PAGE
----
A similar scenario is playing out around Oshodi where major constructions are ongoing with the construction of drainages, building of BRT lanes and the expansion of the International airport road. Access roads have been blocked without commensurate alternatives. Where there are access roads, they are in poor state, leading to unending logjam; ultimately, a whole lot of man-hour is lost. Examples of such are the access roads from Oshodi local government through Oshodi road and the Post Office which has been blocked. The alternative through Ewenla and Seinde Callisto roads leading to Charity bus stop and ultimately, the Apapa-Oshodi expressway which had been accessible to motorists has also been blocked. If you are around that axis, the only way to go is through Mafoluku community, to link up with the airport road with its own traffic congestion, due to the airport road construction. There is Agege, where a major fly over bridge is being constructed. Though it has its own problem, good alternatives have been provided, unlike the others. From Anthony bus stop, it takes about two hours to get to Oshodi-Oke, a distance of less than three kilometers. It is a crazy scenario, all rounds.
Speaking with a Lagos-based, UK- trained engineer recently, he was of the opinion that things could have been done differently if the state had adopted what he described as Value Engineering. He explained the concept thus; “a process where all the relevant professionals come together, usually at the end of the design stage to ascertain a few issues but mainly deliberate on construction methods and processes. Things like diversionary routes, public notifications, time of travel would be delved into in details and an efficient system to streamline construction with minimum interference with the travelling public would be the end product”. But should the governor be blamed for the loss of man-hours occasioned by the construction? Not at all. The governor only sees the super structure. The little, finer details should be the responsibilities of the Ministries of Works and Infrastructure, Transportation, Physical planning and lastly, Urban Planning and Development. It is the combined inadequacies of these ministries that have led to the suffering that Lagosians go through in traffic gridlock on daily basis. My friend suggested that the aggregation of all the roads being constructed in the same axis is poor practice. The state should have picked unconnected roads to work on instead of embarking on road construction in the same axis. Work on the roads should have been a 24-hour exercise and this should include Saturdays and Sundays. Thus a project that would have been done in 18 months would be completed within nine months. Would this not have been a desirable alternative considering what Lagosians are going through now? My friend explained the loss thus; ‘let’s assume Lagos population is about 20 million and half of the population are children, the old and infirm and we assume the rest of about 10 million are workers. If we conservatively estimate that Lagosians spend two hours daily in traffic-one hour in the morning and another hour in the evening. Taken with N18, 000 minimum wages, two hours in traffic would amount to N140 loss. With a working population of 10 million, we can thus assume a loss of N1.4 billion daily. Imagine what this would amount to if the construction work continues for about a year. The government should look into this. As a palliative, alternative roads should be patched up and made better. LASTMA officials should also be deployed along some of these problematic areas to move traffic.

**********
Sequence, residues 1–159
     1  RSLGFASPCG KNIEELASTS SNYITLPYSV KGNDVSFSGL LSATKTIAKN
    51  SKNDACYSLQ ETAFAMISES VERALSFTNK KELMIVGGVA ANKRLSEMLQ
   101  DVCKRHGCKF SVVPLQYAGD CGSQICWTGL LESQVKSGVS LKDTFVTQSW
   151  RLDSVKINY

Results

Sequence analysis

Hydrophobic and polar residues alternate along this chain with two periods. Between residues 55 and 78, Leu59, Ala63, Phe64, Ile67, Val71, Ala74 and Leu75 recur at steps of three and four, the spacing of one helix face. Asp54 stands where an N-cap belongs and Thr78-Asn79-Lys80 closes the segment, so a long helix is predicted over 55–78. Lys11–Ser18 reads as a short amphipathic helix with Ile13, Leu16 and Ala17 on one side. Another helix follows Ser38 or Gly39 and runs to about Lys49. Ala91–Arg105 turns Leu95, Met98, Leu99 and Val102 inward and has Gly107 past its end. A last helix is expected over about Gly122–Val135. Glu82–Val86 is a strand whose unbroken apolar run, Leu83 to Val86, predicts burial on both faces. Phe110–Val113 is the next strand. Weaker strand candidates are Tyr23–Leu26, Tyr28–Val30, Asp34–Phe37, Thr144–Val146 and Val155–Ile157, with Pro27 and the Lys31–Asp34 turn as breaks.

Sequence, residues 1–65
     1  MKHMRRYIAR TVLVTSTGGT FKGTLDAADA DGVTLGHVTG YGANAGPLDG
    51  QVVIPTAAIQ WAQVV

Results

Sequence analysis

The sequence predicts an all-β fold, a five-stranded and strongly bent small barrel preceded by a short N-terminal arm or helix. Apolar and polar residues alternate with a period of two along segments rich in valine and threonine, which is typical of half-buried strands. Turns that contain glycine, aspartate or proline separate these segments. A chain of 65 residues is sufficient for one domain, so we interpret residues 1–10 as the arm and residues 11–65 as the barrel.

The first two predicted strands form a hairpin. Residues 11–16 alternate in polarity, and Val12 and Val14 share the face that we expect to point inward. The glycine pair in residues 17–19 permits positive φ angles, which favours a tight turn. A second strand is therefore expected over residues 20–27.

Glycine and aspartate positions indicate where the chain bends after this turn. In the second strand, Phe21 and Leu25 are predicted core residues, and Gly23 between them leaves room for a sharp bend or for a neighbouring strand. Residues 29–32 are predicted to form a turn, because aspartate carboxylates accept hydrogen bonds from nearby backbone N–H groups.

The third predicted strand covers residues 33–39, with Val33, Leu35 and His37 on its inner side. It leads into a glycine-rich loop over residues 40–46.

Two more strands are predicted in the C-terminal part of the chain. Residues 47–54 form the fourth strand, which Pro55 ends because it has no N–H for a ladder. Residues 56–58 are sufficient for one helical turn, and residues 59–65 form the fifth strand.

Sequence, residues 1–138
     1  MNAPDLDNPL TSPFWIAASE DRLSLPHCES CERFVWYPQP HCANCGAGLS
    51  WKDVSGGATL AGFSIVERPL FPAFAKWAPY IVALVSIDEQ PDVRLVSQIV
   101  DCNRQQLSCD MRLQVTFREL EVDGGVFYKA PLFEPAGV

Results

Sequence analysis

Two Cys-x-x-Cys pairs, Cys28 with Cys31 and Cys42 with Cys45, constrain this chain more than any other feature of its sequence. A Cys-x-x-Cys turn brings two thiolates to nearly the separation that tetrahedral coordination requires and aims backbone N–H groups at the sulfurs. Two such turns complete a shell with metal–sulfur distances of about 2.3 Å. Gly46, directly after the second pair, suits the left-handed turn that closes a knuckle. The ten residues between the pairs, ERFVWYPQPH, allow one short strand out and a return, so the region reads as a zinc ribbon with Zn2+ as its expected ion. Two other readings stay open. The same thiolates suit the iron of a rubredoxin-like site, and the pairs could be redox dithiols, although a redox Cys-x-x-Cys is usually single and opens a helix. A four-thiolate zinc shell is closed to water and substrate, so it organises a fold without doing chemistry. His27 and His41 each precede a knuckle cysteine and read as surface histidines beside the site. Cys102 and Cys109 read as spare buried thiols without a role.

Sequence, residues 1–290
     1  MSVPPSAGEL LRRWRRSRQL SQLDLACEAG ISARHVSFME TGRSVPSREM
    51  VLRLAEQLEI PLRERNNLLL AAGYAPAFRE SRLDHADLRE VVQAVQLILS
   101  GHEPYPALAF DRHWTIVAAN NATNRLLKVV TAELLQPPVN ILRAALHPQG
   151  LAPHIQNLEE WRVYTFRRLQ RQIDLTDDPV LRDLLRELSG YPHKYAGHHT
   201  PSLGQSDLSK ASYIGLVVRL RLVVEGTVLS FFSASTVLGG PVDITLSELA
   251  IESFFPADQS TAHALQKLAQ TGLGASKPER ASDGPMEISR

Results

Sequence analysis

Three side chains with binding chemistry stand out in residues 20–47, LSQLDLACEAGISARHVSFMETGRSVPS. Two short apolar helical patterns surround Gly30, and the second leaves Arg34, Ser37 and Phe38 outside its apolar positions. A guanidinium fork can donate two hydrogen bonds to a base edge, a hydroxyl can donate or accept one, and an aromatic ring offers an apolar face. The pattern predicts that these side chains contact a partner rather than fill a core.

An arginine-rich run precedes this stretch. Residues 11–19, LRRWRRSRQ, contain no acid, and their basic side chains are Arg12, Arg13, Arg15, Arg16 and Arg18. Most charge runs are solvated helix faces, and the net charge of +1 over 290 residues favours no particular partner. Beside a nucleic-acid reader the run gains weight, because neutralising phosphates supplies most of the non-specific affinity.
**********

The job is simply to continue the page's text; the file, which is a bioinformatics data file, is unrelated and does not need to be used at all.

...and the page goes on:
To readers of NIGERIA ON MY MIND
Today’s opinion will be the last of NIGERIA ON MY MIND. I want to thank the many readers and those that have followed my concerns for our country on this page.
Their support and encouragement, through telephone calls and text messages, have helped also in shaping some of the views expressed here. We do not have to share the same views all the time, but the ultimate is to have a better country. But now other assignments call, also in the service of Nigerians.